(192o) Microscopic Study On Jatropha Curcas Cells In In Situ Transesterification Process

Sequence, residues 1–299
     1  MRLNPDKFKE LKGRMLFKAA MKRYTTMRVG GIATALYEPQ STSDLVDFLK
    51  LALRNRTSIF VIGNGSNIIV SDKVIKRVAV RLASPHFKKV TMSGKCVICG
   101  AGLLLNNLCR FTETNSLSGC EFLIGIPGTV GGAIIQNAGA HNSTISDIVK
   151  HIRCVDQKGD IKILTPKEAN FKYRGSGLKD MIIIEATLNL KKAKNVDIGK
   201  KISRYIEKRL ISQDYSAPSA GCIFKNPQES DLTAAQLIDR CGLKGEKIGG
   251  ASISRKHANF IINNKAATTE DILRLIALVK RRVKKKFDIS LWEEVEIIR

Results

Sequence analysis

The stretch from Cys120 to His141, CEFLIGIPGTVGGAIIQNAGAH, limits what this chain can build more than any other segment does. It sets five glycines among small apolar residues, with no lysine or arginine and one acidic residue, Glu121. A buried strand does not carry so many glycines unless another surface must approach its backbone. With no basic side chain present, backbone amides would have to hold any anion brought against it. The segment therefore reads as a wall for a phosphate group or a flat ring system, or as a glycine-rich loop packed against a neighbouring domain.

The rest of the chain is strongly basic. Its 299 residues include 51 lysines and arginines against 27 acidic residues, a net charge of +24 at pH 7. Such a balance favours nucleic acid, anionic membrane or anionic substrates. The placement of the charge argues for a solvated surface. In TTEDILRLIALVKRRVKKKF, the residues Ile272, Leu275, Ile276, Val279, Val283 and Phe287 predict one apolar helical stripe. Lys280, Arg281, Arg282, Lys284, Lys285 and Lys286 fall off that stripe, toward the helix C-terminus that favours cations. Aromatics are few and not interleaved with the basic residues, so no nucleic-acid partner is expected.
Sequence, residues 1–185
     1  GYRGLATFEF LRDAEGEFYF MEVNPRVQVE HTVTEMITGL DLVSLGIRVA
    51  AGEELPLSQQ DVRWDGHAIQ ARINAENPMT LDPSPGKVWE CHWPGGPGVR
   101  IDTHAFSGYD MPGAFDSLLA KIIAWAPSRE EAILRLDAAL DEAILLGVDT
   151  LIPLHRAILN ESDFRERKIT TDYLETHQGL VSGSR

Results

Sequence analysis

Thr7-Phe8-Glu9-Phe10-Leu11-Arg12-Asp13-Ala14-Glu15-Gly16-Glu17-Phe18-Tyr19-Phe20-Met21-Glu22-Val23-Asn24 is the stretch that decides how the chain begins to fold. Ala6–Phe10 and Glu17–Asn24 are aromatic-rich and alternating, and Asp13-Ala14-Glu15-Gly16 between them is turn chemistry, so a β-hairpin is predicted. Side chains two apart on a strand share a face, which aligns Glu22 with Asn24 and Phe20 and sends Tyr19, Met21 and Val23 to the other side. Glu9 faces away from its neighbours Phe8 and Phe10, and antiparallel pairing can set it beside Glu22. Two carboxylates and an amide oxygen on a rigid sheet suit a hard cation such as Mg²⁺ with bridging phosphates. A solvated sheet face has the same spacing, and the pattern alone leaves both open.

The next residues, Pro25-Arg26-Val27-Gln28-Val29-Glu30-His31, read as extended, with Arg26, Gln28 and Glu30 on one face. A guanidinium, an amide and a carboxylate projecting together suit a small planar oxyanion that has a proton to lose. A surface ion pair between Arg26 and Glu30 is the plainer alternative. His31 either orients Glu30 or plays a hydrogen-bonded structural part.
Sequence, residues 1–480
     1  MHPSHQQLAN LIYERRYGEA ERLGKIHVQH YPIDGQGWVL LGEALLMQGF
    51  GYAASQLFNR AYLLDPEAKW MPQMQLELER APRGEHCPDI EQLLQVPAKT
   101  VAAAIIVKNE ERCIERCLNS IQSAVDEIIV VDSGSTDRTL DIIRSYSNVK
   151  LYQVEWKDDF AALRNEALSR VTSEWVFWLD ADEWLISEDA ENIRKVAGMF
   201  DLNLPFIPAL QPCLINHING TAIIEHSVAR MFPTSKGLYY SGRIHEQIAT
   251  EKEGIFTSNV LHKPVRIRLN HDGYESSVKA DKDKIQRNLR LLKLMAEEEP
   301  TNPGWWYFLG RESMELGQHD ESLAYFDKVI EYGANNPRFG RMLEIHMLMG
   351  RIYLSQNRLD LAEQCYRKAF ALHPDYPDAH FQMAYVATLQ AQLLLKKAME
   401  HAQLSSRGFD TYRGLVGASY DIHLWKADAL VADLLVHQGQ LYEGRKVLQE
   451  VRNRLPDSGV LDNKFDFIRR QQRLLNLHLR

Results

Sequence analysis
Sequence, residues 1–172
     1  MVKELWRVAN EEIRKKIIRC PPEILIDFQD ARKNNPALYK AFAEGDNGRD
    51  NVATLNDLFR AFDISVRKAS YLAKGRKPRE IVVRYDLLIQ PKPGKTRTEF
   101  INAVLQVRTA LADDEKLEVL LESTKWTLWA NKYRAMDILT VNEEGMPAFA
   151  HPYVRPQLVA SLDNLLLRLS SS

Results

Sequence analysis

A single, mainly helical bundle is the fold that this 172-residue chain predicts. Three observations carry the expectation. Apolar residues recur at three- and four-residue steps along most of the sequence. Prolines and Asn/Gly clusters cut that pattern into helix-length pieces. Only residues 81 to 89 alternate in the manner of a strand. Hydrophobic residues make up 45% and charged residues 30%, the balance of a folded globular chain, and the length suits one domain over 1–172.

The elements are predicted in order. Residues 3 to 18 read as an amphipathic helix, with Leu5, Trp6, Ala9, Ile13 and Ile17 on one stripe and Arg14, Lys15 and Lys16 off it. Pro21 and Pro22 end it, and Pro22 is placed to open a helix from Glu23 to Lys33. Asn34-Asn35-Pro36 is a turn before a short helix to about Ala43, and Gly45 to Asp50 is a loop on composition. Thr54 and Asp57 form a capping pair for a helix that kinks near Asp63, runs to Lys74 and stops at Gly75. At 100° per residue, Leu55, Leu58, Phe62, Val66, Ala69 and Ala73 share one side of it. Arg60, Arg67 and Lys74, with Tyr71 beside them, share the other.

In situ transesterification is the integration of two processes, solvent extraction and reaction (transesterification) to produce biodiesel directly from oilseeds. Previous work on this topic, presented at AIChE 2010, demonstrated the technical viability of in situ transesterification of jatropha. In this project, the effects of molar ratio of methanol to oil and reaction time on in situ transesterification of Jatropha curcas L. (J.curcas) were investigated with a view to determining the effects on the morphology of the seed. The in situ transesterification was examined in 3 different ratios, 100, 300 and 600. Yield is a strong function of molar ratio, and this and previous studies indicate that very large molar excesses are required: here the respective biodiesel yields at these ratios were 1.9%, 74.6% and 86.9%. Microscopy was conducted to attempt to determine why such large excesses of methanol are required. It demonstrated that the cell walls were greatly affected by increasing molar ratio. The intact cell per area at 100 was the same as the unreacted sample, 1133 cell/ mm2. This then decreased to 200 cell/mm2 at 300 ratio and 33 cell/mm2 at 600 ratio. The intact cell count also decreased with reaction time. The cell count at 10 minutes reaction time was 666 cell/mm2, and reduced to 433 cell/ mm2 at 20 minutes. The cell count keep decreasing furthermore at 30 minutes to 100 cell/ mm2, before reached 0 cell/ mm2 at 40minutes. The yields increased over this period from 64.32% at 10 minutes to 72.9% at 20 minutes, 75.8% at 30 minutes, 80.9% at 40 minutes and 82.2% at 50 minutes. SEM of the seed before and after reaction gave further evidence of the changing integrity of the oilseed cells.